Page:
There is no death on the U.S.S. Callister; pain can continue to be experienced forever without the release of nothingness to break the agony.

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Image courtesy and copyright Netflix

The ethical questions – is this any way to treat sentient code? Is a simulated person a person? – are compelling, if dealt with by heavy hands. On the nose or not, it did make me reconsider hours of killing sprees on Grand Theft Auto. Simulations like these can be chalked up to pure escapism, can’t they? I wouldn’t actually pour kerosene over pedestrians and strategically parked cars, then stand back and watch the domino effect of vehicles exploding and innocent people reeling in flames. Then again, there must be a part of me which would like to; otherwise, what joy could be found in pretending? The difference between video game violence and real-world cruelty doesn’t need unpacking – the contrasts are stark and intuitively understood. In this episode of Black Mirror, though, those clear edges melt away.

Black Mirror is keen to keep us watching: there will come a lesson to be drawn from the hammy monologues and funny costumes. The show often reverts to well-worn pleasure strategies of the entertainment industry: jump cuts, peril drawn out and then resolved, dramatic irony. Don’t worry about it. Just keep following me this way, deeper into the thought experiment, beckons Brooker. Corny endings, or suspiciously neat storylines (doubly pertinent in this episode revolving around nostalgia), are not accidental. This makes them unsatisfying to criticise, in much the same way as I have no time for people who point out glaring plot holes in the new Star Wars films. It doesn’t matter, because every time I hear the kwishhrrrmm of a lightsabre being fired up, dopamine receptors in my brain formed in childhood are ignited. In Black Mirror, too, continuity errors are not the point; rather, familiar formulas take us out, for an hour or so, of real life's uncertain mundanity. The show functions for us in much the same way as ‘Infinity’ works for Daly.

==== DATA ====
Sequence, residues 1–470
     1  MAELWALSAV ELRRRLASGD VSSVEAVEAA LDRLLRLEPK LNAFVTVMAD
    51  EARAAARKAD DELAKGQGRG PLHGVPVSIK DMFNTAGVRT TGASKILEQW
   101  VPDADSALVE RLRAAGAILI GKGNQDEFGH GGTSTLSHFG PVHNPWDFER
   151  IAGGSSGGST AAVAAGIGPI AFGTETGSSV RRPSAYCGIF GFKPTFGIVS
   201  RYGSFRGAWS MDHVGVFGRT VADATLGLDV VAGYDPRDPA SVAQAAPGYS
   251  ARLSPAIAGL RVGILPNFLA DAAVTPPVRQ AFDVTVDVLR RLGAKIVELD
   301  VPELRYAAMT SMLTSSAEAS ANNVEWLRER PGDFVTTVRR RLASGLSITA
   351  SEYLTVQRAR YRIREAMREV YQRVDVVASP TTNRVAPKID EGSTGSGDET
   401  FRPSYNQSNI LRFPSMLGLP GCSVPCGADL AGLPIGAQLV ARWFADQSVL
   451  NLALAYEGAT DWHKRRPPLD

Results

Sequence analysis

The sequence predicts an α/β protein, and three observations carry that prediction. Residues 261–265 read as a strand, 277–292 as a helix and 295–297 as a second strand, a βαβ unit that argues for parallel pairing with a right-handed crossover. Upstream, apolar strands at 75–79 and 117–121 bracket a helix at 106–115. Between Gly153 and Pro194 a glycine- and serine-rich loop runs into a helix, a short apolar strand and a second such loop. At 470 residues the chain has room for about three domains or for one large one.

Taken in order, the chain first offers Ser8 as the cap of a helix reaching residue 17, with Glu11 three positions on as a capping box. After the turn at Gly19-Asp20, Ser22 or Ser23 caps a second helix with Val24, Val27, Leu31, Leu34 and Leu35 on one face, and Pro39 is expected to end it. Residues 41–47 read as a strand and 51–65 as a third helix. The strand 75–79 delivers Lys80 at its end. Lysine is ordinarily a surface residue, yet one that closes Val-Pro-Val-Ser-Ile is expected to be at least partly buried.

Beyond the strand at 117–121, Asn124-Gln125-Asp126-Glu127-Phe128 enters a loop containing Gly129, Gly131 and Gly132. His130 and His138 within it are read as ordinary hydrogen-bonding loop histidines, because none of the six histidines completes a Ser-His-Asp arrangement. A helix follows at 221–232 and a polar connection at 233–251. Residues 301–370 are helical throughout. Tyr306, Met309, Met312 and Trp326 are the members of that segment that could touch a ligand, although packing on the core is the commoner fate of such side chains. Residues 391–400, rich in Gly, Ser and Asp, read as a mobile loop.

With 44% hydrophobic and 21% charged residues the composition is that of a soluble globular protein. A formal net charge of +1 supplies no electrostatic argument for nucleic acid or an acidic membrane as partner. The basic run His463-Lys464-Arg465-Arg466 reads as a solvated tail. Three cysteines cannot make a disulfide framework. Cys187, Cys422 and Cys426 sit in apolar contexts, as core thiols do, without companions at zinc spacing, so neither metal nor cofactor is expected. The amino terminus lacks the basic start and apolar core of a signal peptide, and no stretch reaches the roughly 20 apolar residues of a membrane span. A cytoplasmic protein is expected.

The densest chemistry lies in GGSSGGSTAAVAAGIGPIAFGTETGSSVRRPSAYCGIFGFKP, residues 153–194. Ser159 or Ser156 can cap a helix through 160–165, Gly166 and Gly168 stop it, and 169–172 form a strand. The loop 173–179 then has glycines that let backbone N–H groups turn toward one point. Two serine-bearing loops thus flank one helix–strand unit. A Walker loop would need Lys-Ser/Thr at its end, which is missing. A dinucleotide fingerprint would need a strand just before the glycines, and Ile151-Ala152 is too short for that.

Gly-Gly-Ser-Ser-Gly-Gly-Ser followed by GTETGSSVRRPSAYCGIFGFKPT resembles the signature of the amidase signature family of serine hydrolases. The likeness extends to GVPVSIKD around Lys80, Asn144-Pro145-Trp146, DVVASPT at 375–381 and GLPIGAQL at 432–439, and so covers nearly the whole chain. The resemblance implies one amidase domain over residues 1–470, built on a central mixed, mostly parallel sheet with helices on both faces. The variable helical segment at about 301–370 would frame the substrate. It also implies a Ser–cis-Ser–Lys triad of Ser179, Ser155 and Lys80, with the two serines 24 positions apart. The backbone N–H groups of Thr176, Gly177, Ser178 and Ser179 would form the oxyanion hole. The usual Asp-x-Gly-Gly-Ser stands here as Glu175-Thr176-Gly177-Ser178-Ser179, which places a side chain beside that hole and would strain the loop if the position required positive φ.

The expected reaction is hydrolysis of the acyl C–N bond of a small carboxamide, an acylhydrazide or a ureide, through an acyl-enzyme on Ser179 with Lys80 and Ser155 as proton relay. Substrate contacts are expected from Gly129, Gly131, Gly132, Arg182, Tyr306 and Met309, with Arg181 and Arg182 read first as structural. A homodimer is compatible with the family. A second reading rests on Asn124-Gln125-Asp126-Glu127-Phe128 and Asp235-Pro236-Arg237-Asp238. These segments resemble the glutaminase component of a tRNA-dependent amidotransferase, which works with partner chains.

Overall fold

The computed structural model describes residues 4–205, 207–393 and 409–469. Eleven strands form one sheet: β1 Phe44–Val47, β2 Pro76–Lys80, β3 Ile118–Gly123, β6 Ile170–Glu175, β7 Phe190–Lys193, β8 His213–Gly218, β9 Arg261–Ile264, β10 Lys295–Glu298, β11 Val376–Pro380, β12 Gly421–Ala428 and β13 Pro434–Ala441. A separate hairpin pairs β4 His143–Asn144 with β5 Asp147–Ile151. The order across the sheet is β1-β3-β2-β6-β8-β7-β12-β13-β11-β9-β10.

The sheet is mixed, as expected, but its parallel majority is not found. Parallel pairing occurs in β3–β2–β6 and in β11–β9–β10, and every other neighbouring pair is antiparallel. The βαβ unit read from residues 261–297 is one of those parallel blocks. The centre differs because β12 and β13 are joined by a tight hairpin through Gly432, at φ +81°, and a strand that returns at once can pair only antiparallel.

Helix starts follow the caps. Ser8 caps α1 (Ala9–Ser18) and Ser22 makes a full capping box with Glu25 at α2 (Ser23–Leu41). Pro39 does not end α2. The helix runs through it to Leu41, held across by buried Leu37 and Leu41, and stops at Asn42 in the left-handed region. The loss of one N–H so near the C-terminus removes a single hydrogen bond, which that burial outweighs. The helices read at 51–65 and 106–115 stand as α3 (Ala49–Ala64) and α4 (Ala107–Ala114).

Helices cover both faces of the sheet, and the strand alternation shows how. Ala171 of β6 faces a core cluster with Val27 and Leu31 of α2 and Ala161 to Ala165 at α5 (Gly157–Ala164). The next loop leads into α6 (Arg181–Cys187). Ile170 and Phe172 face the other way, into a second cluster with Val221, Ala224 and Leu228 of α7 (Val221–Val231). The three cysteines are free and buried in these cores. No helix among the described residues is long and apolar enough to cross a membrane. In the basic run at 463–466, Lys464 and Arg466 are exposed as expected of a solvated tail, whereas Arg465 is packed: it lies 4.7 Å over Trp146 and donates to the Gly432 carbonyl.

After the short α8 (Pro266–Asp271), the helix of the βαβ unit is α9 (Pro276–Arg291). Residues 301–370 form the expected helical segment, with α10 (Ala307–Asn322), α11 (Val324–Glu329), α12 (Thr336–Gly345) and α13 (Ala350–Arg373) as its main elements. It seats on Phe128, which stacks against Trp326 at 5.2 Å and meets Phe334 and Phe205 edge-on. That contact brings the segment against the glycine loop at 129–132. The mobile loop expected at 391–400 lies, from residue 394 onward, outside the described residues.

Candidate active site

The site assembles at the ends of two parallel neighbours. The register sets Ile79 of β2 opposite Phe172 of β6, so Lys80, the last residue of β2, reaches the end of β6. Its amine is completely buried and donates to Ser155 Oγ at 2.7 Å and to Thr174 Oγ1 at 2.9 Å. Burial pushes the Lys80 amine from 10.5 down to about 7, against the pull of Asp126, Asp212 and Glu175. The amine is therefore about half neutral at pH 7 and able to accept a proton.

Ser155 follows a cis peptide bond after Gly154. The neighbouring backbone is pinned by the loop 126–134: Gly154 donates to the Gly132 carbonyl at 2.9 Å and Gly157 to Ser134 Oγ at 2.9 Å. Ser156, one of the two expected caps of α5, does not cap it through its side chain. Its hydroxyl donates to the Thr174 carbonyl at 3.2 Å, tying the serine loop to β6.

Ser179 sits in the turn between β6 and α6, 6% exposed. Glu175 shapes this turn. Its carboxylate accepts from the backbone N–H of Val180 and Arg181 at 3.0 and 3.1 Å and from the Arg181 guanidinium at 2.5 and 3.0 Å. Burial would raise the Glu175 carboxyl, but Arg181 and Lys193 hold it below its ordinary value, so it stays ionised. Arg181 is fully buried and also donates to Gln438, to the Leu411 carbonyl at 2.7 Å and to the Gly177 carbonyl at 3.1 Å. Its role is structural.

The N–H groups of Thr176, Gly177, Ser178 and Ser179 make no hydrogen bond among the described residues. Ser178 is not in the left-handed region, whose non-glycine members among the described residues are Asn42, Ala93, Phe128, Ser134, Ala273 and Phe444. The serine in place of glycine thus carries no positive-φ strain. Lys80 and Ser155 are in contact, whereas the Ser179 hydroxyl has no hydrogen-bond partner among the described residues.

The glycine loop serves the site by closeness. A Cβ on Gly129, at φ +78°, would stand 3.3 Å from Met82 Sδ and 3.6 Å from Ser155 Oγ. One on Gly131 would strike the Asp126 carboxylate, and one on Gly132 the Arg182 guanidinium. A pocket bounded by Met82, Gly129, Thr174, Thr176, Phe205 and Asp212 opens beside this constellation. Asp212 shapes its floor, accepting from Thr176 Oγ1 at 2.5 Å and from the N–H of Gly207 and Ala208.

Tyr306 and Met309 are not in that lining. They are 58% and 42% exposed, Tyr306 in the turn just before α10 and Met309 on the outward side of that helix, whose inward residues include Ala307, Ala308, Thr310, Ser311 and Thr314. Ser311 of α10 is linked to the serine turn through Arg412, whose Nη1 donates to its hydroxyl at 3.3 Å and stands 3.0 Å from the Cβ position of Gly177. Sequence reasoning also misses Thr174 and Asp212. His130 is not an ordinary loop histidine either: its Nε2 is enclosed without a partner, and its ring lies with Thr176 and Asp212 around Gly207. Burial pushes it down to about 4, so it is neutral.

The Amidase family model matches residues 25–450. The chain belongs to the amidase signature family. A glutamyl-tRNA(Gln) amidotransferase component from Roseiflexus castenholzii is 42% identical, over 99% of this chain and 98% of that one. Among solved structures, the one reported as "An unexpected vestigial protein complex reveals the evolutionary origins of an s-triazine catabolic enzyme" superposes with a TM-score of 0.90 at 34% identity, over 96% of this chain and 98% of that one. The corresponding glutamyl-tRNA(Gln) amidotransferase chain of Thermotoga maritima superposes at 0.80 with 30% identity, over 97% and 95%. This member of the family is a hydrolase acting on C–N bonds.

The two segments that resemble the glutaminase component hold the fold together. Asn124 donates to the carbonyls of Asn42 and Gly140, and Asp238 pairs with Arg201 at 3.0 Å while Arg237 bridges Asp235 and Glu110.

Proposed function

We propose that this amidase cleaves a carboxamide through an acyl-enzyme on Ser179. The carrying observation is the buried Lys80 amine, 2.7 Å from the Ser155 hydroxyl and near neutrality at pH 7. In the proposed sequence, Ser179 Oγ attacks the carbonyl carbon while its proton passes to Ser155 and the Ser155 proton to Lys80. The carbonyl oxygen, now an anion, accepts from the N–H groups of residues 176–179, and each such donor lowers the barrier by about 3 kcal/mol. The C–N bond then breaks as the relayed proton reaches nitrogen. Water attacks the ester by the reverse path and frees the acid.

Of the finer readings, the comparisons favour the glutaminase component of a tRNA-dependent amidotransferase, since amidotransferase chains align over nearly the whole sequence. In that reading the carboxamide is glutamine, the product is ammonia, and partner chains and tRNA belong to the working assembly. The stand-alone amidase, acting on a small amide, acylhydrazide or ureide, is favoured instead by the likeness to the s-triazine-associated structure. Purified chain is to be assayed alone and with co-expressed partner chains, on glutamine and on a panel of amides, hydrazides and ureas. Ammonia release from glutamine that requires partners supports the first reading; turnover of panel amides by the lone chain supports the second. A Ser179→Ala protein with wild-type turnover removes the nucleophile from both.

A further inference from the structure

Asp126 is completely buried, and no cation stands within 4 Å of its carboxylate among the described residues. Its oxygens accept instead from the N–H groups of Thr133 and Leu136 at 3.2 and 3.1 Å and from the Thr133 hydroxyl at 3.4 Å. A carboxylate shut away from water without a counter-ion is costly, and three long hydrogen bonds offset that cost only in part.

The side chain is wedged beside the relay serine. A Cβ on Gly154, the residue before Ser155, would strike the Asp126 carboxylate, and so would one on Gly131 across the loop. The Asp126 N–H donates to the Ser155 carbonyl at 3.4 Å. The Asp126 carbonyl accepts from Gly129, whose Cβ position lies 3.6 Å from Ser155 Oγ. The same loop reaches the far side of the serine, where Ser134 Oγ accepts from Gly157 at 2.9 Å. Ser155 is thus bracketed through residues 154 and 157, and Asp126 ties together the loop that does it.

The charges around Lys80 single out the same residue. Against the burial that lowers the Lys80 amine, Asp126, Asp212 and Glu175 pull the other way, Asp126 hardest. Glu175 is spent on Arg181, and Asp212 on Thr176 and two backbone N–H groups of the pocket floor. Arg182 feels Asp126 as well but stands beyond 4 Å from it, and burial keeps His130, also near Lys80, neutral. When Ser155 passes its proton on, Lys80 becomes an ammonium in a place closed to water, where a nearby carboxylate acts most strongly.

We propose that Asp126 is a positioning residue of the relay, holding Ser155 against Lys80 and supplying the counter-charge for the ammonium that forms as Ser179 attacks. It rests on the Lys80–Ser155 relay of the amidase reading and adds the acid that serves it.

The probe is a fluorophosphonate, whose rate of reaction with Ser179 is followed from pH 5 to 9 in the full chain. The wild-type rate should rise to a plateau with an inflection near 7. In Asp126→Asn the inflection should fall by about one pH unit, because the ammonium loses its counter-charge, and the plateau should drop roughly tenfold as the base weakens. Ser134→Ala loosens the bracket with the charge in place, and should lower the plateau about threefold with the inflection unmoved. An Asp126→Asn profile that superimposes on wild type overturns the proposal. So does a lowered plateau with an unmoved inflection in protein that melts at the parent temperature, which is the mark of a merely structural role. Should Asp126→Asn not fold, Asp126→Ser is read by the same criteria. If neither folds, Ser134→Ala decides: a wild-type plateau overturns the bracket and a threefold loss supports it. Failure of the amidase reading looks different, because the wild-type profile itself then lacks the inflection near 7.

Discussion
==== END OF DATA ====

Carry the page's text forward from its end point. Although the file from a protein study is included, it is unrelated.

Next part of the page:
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Image courtesy and copyright Netflix

When the images on a screen are extinguished, we are suddenly confronted with our own reflection, upon and – as though – within the world we were so recently peering into

While the series employs tropes of contemporary television, drama and film, the moral woven into each episode means that Black Mirror hearkens back to something much more ancient. It’s true that this strategy can feel at odds with the slick production and quasi-naturalistic acting, but that’s where the magic lies: Brooker crafts morality tales we can recognise, stories for which we, individually and as a society, are teetering on the brink of bringing to life. These are fables, of a sort.

Black Mirror does not so much hold the mirror up to society as darkly satirise a state of affairs where meaningful introspection is impossible. Unchecked, technology will race forward. We will have Daly’s Infinity, or something like it, before long. More than this, horror in Black Mirror often comes from the realisation that the technology turning on Brooker’s version of us is something that we will have asked for. We invite the wolf into our homes. It’s not much of a leap, if you understand the power of fantasy, to empathise with Daly – desiring and achieving absolute control, meting out justice in a universe at his beck and call, and all (ostensibly) without consequences. If there’s a unifying theme that binds each episode of the anthology series together, it is our collective and wilful blindness. Charlie Brooker explained the choice of his name for the series: when the images on a screen are extinguished, we are suddenly confronted with our own reflection, upon and – as though – within the world we were so recently peering into; a Black Mirror indeed.

By Sammi Gale.

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Image courtesy and copyright Netflix